Conform This work has been published in the Teen Ink monthly print magazine.

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   CONFORM, the sign said.

CONFORM TO THE NORM.

Now I looked at thissign and I thought, "Why should I conform?" Yet it was the popular fad,these signs, all bedecked with identical words in identical colors, plastered toeverything and everyone I saw. In fact, this sign I was staring at was on theback of a cashier at the local supermarket. If I'd cared to, I could have turnedaround and found one on the businessman waiting with his grocery cart, or thefather with his baby. The baby was probably the only one in the store, besidesme, not wearing that offensive sign.

It was no surprise, though. Almosteveryone owned one and wore it like a badge. People at school, teachers, coaches,the sign didn't discriminate. CONFORM TO THE NORM. It was obnoxious, but it wascorrect. Every sign I saw was a testimony to that. The world around me hadconformed, and no one could see that but me.

I was often tempted to go upto someone and rip the sign off, just to see what they would do. In fact, Iusually stood there and looked them in the eye before saying in an offhand voice,"Did you know you're all a bunch of CONFORMERS? I can see the label, even ifyou can't. All from different sources, but manufactured to be just like everyoneelse. You don't complain, you don't question, you just accept everyone else'sstandards as THE NORM. But I'm dangerous to you and that's why you don't like me,because I WON'T CONFORM."

Their answers are all the same. CONFORMERShave no choice; their response is like a code in a rule book. It's like talkingto automatons. They act defensive, scrunch up their foreheads and swear at you.Sometimes you want to laugh, sometimes you want to cry, because the sign stillsticks. It sticks and sticks and sticks and you could scream your head offforever but they won't even bother to look in a mirror to see the sign. And ifyou force them to face the mirror, they push you away and run, or stand thereperplexed and dejected, nor daring to find out what's beneath the damnedsign.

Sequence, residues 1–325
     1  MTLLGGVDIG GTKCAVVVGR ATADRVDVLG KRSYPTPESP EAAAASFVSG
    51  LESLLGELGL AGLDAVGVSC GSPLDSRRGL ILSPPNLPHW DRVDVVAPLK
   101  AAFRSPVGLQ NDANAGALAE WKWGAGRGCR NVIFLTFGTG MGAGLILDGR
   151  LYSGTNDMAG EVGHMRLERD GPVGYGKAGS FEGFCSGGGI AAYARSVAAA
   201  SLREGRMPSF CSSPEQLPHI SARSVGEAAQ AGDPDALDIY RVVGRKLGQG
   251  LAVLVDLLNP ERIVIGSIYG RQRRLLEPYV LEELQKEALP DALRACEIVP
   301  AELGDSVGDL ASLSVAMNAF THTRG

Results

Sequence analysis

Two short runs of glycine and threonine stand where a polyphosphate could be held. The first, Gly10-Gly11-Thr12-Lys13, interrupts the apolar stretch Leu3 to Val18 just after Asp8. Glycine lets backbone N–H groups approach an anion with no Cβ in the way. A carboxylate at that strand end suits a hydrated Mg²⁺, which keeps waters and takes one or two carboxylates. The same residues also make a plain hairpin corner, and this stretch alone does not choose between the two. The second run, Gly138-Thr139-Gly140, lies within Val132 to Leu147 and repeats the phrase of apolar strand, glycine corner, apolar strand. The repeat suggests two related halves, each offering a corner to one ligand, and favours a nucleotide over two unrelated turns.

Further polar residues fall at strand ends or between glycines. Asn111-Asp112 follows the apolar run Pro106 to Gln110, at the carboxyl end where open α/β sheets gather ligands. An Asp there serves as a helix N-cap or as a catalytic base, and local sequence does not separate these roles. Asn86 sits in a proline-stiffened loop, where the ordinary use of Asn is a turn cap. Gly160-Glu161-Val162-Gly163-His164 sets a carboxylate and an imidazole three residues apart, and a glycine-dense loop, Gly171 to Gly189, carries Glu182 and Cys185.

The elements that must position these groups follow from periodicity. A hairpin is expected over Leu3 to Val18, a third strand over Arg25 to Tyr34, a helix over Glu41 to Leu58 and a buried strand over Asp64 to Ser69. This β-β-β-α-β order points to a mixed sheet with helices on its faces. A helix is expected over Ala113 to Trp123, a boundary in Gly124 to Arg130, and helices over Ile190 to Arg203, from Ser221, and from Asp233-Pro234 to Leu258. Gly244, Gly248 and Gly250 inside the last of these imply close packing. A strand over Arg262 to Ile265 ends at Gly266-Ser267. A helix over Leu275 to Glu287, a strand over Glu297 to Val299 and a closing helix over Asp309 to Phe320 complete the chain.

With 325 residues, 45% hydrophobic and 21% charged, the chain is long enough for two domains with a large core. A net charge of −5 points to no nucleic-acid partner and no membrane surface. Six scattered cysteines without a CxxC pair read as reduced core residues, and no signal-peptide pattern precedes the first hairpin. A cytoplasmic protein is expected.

I think the most rewarding sight in life is performing the removalof a sign. It doesn't happen often in one's life, never if you are one who wearsa sign that reads CONFORM TO THE NORM. Even without a sign, it is difficult,because only a certain few are unique and especially chosen to be Guardians ofthe Sign. But if you are graced enough, the removal of the sign is the mostincredible gift to witness in the world.

It starts with a word, and then adeep look into a mirror. You stand and watch the person as they see themselvesand all their negative qualities, then hear the things they are praised for byother sign carriers. You catch the glimmer in their eyes as they realize thatwhat they see is an exact copy of everyone else they ever knew, and cry as theyshed tears of hopelessness because they are trapped in CONFORMITY. And you pray,and reach out and take hold of their sign. If they are willing, you peel away anedge and show them the beauty that CONFORMITY hides. Some ask you to glue it backon and never take it off. Some let it blow in the wind as they are torn apart.And others, those precious few, are what makes the life of a Guardian worthliving. As you hold the sign in your hand, that person smiles and takes hold ofthe other edge. Loosening it a bit at a time, you pull it free and let itdisappear into the radiant, fiery light of a new being. It is not your power thathas set them free, but the power of HOPE, that presence that rules usall.

I turned in my reverie and saw a sign that read, "CONFORM TO THENORM." Touching my hand to my back, I felt the place where my sign had oncebeen, and felt the burning scars of memory, then the soothing caress of HOPE. Istood, contemplating the sign with the eyes of a Guardian, and I asked myself,"CONFORM TO THE NORM?"

Never again.


This work has been published in the Teen Ink monthly print magazine. This piece has been published in Teen Ink’s monthly print magazine.






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